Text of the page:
Here’s another little look into YA collection development: my library doesn’t own a copy of Charm & Strange, which is especially embarrassing since I was the collector responsible for YA fiction when the book came out (I’m not right now). Taking a look at the reviews, I’m going to have to assume I was swayed by Kirkus’s ambiguous last line: “A high-powered voice rich in charismatic style and emotional intensity illuminates this ambitious debut that doesn’t quite live up to its potential.” But the reality of the situation is that I just had very little money at the end of last fiscal year, and I was looking for any reason not to buy a book. So, now you’ve caught me without a ready way of responding to your thoughtful post. But that doesn’t mean I don’t have opinions!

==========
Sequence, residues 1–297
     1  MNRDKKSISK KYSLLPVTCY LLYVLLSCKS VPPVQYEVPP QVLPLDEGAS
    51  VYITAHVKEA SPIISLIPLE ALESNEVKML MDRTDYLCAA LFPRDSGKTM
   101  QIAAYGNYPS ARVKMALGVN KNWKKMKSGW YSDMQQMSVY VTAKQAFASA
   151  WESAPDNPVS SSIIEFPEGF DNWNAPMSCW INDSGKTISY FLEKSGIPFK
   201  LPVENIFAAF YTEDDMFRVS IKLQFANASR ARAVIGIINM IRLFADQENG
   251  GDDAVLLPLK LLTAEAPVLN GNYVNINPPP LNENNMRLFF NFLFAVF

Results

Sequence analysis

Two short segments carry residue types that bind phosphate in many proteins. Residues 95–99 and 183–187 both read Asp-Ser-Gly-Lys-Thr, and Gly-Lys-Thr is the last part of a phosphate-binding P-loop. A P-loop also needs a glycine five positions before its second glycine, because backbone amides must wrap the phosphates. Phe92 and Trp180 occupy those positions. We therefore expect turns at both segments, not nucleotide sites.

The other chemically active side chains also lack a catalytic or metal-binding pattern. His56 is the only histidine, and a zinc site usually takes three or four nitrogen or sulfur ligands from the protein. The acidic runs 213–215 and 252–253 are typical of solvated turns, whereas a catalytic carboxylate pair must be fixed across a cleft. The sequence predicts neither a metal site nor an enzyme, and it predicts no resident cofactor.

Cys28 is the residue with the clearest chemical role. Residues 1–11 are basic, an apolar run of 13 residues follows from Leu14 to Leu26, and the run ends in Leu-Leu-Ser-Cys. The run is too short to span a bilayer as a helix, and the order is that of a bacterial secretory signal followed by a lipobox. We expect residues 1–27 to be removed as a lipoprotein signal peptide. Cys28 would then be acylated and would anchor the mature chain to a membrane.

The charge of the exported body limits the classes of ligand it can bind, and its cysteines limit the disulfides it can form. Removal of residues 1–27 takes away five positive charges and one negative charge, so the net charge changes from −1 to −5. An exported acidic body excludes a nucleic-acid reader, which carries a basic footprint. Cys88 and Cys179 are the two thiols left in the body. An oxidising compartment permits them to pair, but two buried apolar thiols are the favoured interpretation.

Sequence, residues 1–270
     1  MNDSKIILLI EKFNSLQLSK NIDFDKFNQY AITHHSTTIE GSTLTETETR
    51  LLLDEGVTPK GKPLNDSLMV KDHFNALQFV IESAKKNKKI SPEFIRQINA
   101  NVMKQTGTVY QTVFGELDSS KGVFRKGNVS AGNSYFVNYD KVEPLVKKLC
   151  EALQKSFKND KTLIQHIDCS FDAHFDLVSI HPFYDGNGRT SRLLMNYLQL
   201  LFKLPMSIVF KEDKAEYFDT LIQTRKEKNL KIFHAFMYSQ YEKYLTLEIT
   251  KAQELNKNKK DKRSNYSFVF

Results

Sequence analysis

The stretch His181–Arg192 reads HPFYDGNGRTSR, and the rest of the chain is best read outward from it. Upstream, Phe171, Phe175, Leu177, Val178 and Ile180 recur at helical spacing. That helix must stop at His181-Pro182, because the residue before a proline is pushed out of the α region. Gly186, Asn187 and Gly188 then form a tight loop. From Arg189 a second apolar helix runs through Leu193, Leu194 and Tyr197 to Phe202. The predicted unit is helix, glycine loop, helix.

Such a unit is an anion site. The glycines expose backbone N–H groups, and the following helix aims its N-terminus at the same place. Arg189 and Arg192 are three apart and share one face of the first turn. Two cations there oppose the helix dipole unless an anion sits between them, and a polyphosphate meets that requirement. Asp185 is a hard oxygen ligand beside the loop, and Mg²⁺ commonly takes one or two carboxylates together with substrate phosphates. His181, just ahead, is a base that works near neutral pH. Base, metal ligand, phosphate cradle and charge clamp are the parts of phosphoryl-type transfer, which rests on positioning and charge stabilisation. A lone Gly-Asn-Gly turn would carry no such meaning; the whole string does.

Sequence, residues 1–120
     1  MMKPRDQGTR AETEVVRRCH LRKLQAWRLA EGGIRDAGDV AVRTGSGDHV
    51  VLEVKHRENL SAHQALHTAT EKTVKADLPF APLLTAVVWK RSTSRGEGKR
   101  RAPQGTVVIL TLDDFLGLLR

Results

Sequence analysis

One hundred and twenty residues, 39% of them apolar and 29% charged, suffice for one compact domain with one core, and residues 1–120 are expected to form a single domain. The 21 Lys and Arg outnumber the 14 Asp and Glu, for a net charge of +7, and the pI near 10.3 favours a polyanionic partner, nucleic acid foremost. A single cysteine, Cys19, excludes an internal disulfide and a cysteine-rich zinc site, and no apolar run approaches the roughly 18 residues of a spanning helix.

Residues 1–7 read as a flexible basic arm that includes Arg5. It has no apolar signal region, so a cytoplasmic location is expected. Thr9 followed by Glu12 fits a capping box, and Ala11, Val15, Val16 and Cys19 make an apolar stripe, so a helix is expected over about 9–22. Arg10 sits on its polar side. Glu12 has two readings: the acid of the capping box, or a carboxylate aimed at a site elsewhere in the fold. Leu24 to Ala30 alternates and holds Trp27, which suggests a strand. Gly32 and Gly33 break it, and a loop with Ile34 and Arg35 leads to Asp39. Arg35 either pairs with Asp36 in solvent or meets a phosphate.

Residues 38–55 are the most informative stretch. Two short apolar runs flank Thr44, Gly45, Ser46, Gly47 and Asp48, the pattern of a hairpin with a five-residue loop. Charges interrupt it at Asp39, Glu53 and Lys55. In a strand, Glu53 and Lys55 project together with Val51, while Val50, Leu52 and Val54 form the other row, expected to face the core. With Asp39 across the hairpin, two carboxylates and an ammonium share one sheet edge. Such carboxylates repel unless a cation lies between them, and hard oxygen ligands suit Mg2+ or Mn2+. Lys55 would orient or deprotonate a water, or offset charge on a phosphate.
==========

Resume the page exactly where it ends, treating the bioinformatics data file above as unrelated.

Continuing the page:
First of all–I love your little statistics project, looking at the number of boarding schools in the US vs. YA lit. In addition to the reason you cited (authors are always looking for ways to get rid of the parents), I think you’ll agree that probably a huge reason behind the high number of boarding school books is the influence of a few key texts, especially The Catcher in the Rye and A Separate Peace, both of which were written when (at least from my sketchy knowledge) boarding school was a lot more common, and both of which, though published for adults, remain keystones for a large amount of YA lit.
Finally, I did take physics, and even learned about quarks, but I only remembered them being up, down, top, and bottom–I definitely would have remembered charm and strange. So apparently my teacher didn’t get very far into quarks. I guess that’s what I get for not going to one of those fancy East Coast boarding schools.